Even just a light, entertaining summer movie, like the newly released, “Where’d You Go, Bernadette,” gets a bit elevated thanks to the chameleon-like actor Cate Blanchett in the lead. Per usual, Blanchett is a joy to watch perform, and in this movie, that fact is no exception, but it may not be enough to make the movie an indie darling on one hand, or commercial bait with wide appeal on the other. Adapted from the wildly popular novel of the same title by Maria Semple, producers are no doubt banking on the book’s built-in audience to translate to box office appeal. They might end up disappointed- the book fans and the producers. “Where’d You Go, Bernadette,” is about a quirky, reluctant, if not resentful, suburban housewife who relocated with her tech engineer husband to outer Seattle 20 year earlier. They transplanted from Los Angeles where Bernadette Fox thrived as young, cutting edge architect on the rise. But when she was undermined with her last residential project, it left her flailing. As such, the couple headed North, allowing her husband, Elgie, played by Billy Crudup, to take advantage of a prominent position with Microsoft. Once there, then suffering a series of miscarriages that took its emotional toll, Bernadette became a shell of her former self. Eventually, they were able to conceive. Now 12, Bee ( Emma Nelson) is Bernadette’s world and they each other’s best friend. But that is not enough to smooth Bernadette’s rough edges and deep seated resentment. Bernadette is oblivious to her increasingly trying attitudes, while her husband is decidedly not, and contemplating drastic changes.
Bernadette’s somewhat off-putting personality and constantly vocalized negative opinions are only outweighed by her aversion to people and somewhat abrasive manner. The notion of socializing with anyone beyond her family of three catapults her into anxiety and turmoil, and self-medication is a welcome option. She detests her fellow school mom’s and the community at large, most especially her uptight, annoying next door neighbor, a cliched character, played aptly by Kristen Wiig. They couldn’t be more opposite- to Bernadette’s give-a-shit attitude, Audrey throws herself wholly into school functions and the community, and she is obsessed with her house and yard. Both view each other as the bane of their existence. Audrey aside, there is no bigger target for Bernadette’s negativity than the city of Seattle itself, and the only thing neglected more than her marriage, is their monstrosity of a house. Although it was purchased many years ago when they moved to the area, it looks as though it hasn’t been touched for decades longer. The yard is full of weeds and overgrown berry vines, while the interior seems a hopelessly flawed and neglected as the exterior.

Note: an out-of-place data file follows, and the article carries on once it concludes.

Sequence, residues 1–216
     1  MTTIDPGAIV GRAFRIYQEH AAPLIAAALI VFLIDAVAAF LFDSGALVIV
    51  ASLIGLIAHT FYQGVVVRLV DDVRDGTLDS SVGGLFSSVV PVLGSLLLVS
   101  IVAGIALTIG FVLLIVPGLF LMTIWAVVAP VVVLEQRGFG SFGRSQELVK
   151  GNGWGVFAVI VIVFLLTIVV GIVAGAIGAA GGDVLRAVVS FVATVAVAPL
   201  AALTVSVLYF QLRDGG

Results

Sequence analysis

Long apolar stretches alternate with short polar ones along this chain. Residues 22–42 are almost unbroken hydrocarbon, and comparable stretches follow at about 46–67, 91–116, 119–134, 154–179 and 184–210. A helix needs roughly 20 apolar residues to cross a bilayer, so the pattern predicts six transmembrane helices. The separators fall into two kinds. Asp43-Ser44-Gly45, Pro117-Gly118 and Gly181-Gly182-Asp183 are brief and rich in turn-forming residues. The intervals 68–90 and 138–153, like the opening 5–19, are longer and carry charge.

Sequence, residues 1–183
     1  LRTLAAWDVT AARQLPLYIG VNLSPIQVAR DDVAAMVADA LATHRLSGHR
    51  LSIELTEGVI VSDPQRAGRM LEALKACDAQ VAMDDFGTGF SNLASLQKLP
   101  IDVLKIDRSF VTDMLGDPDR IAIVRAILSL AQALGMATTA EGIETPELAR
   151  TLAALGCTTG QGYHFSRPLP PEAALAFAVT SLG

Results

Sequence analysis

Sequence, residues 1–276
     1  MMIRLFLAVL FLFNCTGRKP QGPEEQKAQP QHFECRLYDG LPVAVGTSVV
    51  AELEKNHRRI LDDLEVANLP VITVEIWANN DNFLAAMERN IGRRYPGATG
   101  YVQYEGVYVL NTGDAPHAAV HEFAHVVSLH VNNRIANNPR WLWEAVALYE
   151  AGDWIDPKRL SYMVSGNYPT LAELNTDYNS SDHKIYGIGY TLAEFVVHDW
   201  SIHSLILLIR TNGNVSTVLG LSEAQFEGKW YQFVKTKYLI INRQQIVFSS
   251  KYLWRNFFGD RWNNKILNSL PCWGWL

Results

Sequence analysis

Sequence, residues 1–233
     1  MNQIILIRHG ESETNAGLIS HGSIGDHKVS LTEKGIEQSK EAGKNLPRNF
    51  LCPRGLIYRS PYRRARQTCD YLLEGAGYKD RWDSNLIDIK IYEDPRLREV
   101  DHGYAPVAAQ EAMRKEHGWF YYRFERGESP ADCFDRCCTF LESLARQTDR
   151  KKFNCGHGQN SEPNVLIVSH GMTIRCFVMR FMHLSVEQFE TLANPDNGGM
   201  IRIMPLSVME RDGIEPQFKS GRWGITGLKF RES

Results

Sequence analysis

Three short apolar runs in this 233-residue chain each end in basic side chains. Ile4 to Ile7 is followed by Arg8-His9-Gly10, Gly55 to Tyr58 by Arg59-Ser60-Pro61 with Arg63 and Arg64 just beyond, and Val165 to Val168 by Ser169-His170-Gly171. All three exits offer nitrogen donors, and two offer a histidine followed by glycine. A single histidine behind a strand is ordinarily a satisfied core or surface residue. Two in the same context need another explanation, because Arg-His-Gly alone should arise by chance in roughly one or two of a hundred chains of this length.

Through it all, the one bright spot in the couple’s life is Bee. It is Bee’s exceptional academics, precarious ways, and endearing personality that convinces her parents that a trip to Antartica over the holiday break is a promise to her they should keep. Bernadette is horrified at the prospect of such an adventure, not to mention having to interact with other travelers. As a result, she enlists the aid of what she assumes is a practical online assistant. Through a series of events, post the trip decision, and the threat that she may, in fact, not be going on the family vacation or it may not happen for any of them at all, Bernadette escapes her imploding life and goes to Antartica solo. Along the way, she faces her fears, while finally recognizing the source of her angst, realizing she has suppressed her creativity and passion for far too long. In searching for his wayward wife, Elgie has a few revelations of his own. “Where’d You Go, Bernadette,” begins and ends with the same question posed to the protagonist- where are you going? This appropriately establishes it as a movie of self exploration and self discovery, but does not flesh out the character’s issues and insights, or the film’s theme, which should be layered and nuanced.
The movie is directed by Richard Linklater, but definitely not a Richard Linklater film. He is known for truly clever independent films with observational characters and witty banter, such as “Dazed and Confused” and “Slacker,” and dramatic, experimental-type films, like “Before Midnight” and 2014 “Boyhood,” which earned him several well-deserved Oscar nominations. While “Bernadette” is entertaining and charming enough, especially for this time of year, it misses opportunities to be categorized as a character study film of any depth.